“These are the times that try men’s souls. The summer soldier and the sunshine patriot will…shrink from the service of their country…”
Six months after declaring independence from England and her tyrant King George, the colonial army was on its last dying breath. The Empire had all but squashed the Rebellion and now occupied nearly every major city in the 13 colonies. Furthermore, they were within striking distance of Philadelphia. One more defeat would surely be the final blow to crush the American insurrection against the crown of England. Only the icy Delaware River stood between Washington’s army and certain annihilation. Across the water was a brutal Hessian army thirsty for blood. Retreat was in order.
It was winter. The Continental Army had just recently suffered several successive losses. Morale was in the gutter. Suffering from low morale is like waking up in miserable depression and lacking motivation to get out of bed. Take away the bed and replace it with hard, cold, frozen ground on a snowy December day in Northeastern Pennsylvania, and one might have an inkling of what low morale in 1776 was like for the Continental Army.
With most of his army’s enlistment drawing to an end, General George Washington, Commander in Chief, had to find a flicker of hope to kindle the flame of resistance once again. But how?
No, there was no point in continuing the fight at this time. It was, of course, unconventional to continue battling through the winter months. The army must retreat to a defensive position, set up a fortified encampment, and wait until Spring. This was simply the way things were done. There would be no shame in it. In fact, it would be the sensible thing to do.
“Tyranny, like hell, is not easily conquered…”
The devil with “sensible”. The Rebellion needed a spark and George Washington was the man for the job. Thomas Paine’s stirring words echoed in his head. He was encouraged by The American Crisis. His spirits lifted so much that he commanded his staff to have the pamphlet read to every outfit in his army.
Around the campfires at night and during the early morning muster, Thomas Paine’s words circulated around the camp.
“…yet we have this consolation with us, that the harder the conflict, the more glorious the triumph.” -Thomas Paine 1776
This was the moment of the ages. The underdog would lick his wounds no more. Retreat was not an option. The unwavering general addressed his men.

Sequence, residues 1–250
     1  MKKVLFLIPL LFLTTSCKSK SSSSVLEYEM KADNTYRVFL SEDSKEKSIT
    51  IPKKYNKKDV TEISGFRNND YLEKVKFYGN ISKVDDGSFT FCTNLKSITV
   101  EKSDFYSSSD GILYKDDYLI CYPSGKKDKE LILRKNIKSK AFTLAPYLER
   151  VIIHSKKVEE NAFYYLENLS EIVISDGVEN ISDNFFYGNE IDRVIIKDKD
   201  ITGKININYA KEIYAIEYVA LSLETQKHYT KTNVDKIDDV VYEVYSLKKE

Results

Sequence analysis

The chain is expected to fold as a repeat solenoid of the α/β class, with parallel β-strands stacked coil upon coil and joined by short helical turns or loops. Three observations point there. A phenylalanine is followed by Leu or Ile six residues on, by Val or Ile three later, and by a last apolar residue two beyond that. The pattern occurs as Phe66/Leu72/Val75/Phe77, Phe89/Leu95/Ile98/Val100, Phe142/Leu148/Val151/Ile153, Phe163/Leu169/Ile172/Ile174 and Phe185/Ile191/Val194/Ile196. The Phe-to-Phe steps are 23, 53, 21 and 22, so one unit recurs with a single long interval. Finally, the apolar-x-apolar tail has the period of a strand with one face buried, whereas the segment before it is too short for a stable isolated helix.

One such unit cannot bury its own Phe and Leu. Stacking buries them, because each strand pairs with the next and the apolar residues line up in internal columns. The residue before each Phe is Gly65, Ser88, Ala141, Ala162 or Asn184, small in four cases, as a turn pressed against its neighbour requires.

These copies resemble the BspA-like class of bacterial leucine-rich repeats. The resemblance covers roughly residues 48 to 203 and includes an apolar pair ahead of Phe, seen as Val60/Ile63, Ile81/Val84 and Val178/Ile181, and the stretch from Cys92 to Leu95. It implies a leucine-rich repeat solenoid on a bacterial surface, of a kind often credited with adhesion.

“Men…” His words trailed off for just a moment. “You’ve given the birth of this new nation everything. You’ve given me everything. You’ve given each other…everything. The cowards are no longer. The weak have buckled under the pressure. We, alone, remain.” Sadness and sobriety engulfed the orator and the audience.
“Men, I have no right to ask of you anything more.” Washington’s words grew louder and stronger, and the men perked their ears to hear their loving leader’s following request.
“I know your enlistments are drawing to an end. It’s Christmas. You should be home. But I do dare ask one thing of you: stay with me one more month. Remain with me and fight. I cannot do it alone. Your country cannot do it without you.”
Washington appealed to their patriotism and his men responded positively. Hope and zeal stirred within them. There were no pretenders, no cheap champions, no sunshine patriots, nor were there summer soldiers present on that cold Christmas Eve of 1776. Only Winter Soldiers remained.
On Christmas morning 1776, the Americans hand delivered a gift wrapped five finger death punch to the Hessian soldiers across the river. The tide of war had changed.
“Guard against the impostures of pretended patriotism.” -George Washington
I’ve always wondered what it was like for those men to be so downtrodden in despair during the winter of ’76 with so much at stake resting on their shoulders. I often think of the despair our nation has allowed itself to be in now. I think, “The Loyalists in 1776 who betrayed, fought against, and killed the freedom-loving Patriots had to be the most brain-washed, freedom-hating scum of the earth.”
It’s now 2021 and my eyes have been opened to so many connections from those days of old to now. We owe so much to those Winter Soldiers. The threat of Loyalists back then is as real as it is today. Pretended patriotism is real. Will I be a summer soldier? Will I be a sunshine patriot? God forbid it. The blood of American patriots cries against it. I stand with the Winter Soldiers of ’76. Do you?